Then you just think of the people with chronic illnesses. And this is always a concern for us. Somebody who’s on heart medication, or they have diabetes, they have any number of chronic illnesses — think of all the cancer patients — where are they supposed to go to replenish? The hospital system that is barely functioning at all in the south, for example, their focus is on the severely wounded that are coming in, trying to keep people alive, patch them up, do the amputations really quickly, not in the proper way even to allow for prosthetic devices after. They’re just trying to do the most triage very urgently. And the ones who need safe place to give birth, the ones who need their heart medication, the children who are severely dehydrated, and there’s nowhere really to look after them in a hospital like that, these are the ones that are likely to be the other casualties of this war, not only the ones who are killed by the direct violence that is seemingly affecting civilians so much more than anyone else.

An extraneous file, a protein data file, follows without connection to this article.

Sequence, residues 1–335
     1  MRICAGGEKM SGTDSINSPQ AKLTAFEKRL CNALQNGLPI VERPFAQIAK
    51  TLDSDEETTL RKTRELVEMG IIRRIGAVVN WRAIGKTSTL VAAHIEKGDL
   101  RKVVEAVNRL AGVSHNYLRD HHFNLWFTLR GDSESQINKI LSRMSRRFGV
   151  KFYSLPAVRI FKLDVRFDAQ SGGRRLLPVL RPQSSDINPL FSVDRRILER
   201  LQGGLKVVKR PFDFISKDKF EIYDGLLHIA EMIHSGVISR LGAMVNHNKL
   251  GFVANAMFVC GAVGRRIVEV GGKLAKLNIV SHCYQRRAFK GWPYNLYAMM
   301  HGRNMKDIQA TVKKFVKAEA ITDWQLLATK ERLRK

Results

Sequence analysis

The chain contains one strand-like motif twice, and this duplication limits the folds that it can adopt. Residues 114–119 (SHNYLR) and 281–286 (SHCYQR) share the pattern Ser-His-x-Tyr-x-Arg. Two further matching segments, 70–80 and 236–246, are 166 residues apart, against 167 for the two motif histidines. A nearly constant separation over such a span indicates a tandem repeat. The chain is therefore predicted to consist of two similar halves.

AMY GOODMAN: Avril Benoît, if you can talk about Netanyahu’s threat to — in resuming the bombardment? You’ve got Blinken, who reportedly is urging more surgical strikes. But they’re talking about bombarding the south. This is where they forced — what is it? — a million Gazans, Palestinians, to go from the north. So, talk about what this would mean if this temporary ceasefire ends.

AVRIL BENOÎT: It’s a horror show for us. Just think about it. A third of the injured people already were injured in the south, which was the place that everyone was told to go. That was the place. You were supposed to leave the north, go to the south. And then they got killed there.

So, for us, this is the worst, because what we have is, on the one side, the talk of “We would like humanitarian law to be respected. We would like civilians to be considered. Limit the collateral damage of civilians,” and yet, what we have seen time and again is there are no consequences evident for not doing that. And so, we have, with the looming end of this truce — and, it seems, not enough political will to really have a ceasefire — what we would regard as a kind of talking one thing but no consequences. So we can tell the Israeli forces, the Netanyahu government, “Please try to limit the killing of civilians, start doing that,” but we’re not really seeing any consequences if they don’t.